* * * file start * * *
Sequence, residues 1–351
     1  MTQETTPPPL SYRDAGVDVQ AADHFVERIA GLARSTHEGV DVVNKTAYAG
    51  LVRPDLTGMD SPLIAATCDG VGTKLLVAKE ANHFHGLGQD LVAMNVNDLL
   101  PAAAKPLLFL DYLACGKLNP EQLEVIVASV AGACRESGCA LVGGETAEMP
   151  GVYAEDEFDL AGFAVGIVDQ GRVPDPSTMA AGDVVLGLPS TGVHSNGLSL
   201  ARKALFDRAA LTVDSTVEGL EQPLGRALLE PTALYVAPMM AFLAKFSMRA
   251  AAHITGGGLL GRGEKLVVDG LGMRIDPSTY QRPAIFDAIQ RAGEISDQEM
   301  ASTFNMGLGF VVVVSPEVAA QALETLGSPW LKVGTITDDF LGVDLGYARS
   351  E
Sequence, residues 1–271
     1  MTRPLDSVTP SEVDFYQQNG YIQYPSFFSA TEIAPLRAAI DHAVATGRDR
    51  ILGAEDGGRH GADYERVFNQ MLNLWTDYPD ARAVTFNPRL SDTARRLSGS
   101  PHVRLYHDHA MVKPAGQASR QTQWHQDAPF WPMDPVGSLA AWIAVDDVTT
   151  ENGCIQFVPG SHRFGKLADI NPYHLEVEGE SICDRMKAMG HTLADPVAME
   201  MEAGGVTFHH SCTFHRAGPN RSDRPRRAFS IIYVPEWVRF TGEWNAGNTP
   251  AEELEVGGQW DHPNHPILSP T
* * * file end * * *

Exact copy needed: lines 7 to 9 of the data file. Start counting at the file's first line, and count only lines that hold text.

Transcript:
   251  AAHITGGGLL GRGEKLVVDG LGMRIDPSTY QRPAIFDAIQ RAGEISDQEM
   301  ASTFNMGLGF VVVVSPEVAA QALETLGSPW LKVGTITDDF LGVDLGYARS
   351  E